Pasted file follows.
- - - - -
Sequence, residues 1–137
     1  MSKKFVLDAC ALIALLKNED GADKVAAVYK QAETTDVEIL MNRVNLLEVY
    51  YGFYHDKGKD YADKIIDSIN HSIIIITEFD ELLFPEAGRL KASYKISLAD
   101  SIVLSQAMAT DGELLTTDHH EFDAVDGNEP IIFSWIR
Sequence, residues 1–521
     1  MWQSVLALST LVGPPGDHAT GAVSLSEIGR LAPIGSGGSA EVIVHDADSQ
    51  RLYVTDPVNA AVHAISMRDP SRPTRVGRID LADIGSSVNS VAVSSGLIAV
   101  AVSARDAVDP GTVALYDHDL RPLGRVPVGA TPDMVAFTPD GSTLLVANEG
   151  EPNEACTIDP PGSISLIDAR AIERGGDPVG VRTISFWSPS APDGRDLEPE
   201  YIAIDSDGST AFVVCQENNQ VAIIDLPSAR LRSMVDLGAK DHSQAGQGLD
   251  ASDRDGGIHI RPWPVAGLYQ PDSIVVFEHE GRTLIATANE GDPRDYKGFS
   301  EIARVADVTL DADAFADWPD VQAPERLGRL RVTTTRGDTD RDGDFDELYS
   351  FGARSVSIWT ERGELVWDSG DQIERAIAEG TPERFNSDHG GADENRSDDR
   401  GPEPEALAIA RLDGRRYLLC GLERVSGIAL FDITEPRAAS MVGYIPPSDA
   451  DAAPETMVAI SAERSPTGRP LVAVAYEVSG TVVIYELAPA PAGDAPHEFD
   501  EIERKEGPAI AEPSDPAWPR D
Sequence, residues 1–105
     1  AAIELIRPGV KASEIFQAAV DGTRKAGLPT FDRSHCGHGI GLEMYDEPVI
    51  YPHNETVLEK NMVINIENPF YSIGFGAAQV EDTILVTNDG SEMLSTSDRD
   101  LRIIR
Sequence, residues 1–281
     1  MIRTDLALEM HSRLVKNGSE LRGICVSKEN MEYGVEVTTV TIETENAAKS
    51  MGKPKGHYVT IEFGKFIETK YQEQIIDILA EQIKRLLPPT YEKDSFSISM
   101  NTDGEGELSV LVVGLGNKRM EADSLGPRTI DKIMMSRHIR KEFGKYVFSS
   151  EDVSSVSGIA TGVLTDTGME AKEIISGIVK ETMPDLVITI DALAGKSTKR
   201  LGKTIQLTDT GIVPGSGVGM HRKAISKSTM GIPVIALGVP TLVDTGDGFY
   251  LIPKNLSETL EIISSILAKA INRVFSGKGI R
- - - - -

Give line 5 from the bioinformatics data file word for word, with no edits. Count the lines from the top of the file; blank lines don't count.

Sequence, residues 1–521